A multifaceted immunotherapeutic strategy that includes hematopoietic stem cell (HSC) transplantation, T-cell adoptive transfer, and tumor vaccination can effectively eliminate established neuroblastoma tumors in mice. In vivo depletion of CD4+ T cells in HSC transplantation recipients results in increased antitumor immunity when adoptively transferred T cells are presensitized, but development of T-cell memory is severely compromised. Because increased percentages of regulatory T (Treg) cells are seen in HSC transplantation recipients, here we hypothesized that the inhibitory effect of CD4+ T cells is primarily because of the presence of expanded Treg cells. Remarkably, adoptive transfer of presensitized CD25-depleted T cells increased tumor vaccine efficacy. The enhanced antitumor effect achieved by ex vivo depletion of CD25+ Treg cells was similar to that achieved by in vivo depletion of all CD4+ T cells. Depletion of CD25+ Treg cells resulted in elevated frequencies of tumor-reactive CD8 and CD4 + T cells and increased CD8-to-Treg cell ratios inside tumor masses. All mice given presensitized CD25-depleted T cells survived a tumor rechallenge, indicating the development of long-term CD8+ T-cell memory to tumor antigens. These observations should aid in the future design of immunotherapeutic approaches that promote the generation of both acute and long-term antitumor immunity.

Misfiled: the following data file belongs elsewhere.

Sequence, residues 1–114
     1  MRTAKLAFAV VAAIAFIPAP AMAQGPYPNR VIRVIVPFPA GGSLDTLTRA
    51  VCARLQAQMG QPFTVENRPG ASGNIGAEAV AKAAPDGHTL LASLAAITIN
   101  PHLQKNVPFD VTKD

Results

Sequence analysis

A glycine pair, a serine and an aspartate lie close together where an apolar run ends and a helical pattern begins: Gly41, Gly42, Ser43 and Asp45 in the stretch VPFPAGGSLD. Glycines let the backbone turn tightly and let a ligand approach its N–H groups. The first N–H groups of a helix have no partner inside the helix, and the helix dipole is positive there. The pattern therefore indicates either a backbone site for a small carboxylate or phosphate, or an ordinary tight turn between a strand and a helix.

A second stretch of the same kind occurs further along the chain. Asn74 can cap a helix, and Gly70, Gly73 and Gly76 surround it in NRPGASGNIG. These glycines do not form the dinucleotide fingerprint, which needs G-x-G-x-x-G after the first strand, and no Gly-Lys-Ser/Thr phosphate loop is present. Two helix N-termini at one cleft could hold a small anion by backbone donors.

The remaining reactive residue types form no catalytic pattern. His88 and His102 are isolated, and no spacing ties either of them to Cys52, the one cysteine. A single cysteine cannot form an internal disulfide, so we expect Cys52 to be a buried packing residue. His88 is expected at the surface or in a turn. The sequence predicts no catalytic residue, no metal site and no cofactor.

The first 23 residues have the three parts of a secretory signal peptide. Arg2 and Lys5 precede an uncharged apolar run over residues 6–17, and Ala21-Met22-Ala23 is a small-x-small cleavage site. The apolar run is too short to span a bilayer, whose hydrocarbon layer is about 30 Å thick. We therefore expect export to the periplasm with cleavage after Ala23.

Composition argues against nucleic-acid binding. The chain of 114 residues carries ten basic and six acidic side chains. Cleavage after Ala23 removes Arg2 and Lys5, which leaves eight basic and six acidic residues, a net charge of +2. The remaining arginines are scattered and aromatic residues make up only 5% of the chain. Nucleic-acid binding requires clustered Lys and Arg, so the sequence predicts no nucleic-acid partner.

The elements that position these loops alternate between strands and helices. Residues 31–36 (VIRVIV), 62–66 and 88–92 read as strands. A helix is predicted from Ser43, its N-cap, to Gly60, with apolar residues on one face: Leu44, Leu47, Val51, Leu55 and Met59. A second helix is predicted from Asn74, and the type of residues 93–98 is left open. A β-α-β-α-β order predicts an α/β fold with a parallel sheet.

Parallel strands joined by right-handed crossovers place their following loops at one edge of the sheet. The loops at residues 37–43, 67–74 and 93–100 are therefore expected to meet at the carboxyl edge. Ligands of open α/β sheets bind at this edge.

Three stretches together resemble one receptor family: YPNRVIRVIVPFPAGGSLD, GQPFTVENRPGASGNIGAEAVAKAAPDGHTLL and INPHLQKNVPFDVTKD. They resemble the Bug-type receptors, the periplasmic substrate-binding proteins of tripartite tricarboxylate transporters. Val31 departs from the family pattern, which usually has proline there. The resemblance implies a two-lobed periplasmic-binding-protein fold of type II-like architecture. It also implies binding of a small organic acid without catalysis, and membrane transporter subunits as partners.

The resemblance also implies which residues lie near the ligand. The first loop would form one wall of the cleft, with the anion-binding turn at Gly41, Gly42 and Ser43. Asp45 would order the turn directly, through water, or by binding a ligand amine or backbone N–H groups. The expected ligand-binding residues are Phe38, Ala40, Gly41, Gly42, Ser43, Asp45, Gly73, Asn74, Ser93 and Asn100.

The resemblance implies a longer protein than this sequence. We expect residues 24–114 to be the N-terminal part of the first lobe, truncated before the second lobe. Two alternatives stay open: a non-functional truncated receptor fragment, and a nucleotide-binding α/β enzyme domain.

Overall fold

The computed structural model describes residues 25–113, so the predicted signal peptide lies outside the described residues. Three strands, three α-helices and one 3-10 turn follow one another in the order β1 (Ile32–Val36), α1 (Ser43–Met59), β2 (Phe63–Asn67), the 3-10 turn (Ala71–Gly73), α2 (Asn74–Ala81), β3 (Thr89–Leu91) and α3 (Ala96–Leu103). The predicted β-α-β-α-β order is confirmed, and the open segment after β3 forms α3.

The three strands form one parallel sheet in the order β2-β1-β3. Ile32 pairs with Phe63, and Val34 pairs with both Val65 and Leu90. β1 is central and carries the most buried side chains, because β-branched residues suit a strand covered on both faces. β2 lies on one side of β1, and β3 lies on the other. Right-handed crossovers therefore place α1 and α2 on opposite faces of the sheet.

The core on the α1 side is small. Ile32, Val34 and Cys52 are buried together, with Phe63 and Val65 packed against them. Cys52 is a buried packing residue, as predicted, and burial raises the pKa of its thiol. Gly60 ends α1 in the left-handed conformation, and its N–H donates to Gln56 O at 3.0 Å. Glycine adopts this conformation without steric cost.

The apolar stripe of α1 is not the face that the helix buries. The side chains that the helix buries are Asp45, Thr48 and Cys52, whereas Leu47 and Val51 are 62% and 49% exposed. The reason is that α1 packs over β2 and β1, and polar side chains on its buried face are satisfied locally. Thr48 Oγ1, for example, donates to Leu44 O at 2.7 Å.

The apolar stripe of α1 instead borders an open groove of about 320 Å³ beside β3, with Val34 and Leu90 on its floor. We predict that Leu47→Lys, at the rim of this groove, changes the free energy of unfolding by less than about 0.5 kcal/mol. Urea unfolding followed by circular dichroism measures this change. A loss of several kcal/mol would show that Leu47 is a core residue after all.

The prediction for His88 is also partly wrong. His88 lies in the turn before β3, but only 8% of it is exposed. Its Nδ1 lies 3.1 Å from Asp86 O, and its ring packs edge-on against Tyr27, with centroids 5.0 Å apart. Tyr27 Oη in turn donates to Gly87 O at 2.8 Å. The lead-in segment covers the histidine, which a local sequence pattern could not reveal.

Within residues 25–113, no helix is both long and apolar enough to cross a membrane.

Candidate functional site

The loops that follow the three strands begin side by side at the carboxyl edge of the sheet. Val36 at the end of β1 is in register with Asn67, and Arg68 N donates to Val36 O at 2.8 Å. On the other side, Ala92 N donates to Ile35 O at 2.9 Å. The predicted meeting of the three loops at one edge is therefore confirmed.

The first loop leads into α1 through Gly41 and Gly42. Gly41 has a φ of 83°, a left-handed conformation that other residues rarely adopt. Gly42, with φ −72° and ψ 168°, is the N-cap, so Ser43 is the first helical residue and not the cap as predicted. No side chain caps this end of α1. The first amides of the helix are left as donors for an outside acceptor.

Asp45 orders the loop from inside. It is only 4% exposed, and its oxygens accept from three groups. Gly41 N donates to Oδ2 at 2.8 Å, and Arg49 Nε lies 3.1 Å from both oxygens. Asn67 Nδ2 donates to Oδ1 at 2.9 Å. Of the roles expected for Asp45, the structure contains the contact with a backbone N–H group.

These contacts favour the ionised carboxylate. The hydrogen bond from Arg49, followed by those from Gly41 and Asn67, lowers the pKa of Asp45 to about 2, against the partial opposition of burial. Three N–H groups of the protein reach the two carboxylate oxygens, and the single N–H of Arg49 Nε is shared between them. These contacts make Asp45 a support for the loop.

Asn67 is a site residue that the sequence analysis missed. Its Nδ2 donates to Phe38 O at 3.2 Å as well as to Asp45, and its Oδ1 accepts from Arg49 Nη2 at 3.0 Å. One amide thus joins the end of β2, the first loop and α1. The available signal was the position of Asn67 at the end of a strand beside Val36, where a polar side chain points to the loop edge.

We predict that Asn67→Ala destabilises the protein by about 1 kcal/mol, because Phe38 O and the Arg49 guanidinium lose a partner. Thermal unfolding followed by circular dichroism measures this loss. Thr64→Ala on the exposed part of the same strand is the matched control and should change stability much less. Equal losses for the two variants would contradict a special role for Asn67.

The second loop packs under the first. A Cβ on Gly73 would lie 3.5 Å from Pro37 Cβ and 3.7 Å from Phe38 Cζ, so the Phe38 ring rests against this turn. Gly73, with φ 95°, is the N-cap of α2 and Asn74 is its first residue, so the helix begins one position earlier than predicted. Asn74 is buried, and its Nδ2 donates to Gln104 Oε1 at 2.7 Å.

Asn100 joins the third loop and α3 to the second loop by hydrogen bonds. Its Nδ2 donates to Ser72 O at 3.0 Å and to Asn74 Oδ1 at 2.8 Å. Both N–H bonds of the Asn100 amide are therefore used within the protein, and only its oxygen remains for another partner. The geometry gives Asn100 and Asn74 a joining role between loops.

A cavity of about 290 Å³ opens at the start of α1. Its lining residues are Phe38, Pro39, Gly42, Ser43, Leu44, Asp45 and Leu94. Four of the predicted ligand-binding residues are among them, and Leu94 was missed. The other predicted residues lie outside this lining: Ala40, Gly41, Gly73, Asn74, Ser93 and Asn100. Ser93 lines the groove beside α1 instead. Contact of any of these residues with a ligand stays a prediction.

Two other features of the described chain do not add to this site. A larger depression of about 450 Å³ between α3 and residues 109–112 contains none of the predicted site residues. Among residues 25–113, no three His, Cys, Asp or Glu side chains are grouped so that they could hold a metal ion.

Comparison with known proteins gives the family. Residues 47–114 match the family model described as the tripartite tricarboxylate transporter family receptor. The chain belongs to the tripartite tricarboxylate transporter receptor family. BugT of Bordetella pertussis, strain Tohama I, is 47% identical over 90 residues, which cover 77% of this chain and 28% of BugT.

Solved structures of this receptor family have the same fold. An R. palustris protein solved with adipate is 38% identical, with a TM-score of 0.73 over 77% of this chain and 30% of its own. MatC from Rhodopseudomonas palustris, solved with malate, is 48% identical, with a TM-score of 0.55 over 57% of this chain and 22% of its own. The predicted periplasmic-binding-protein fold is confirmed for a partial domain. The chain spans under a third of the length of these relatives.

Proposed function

ASJC Scopus subject areas
- Cell Biology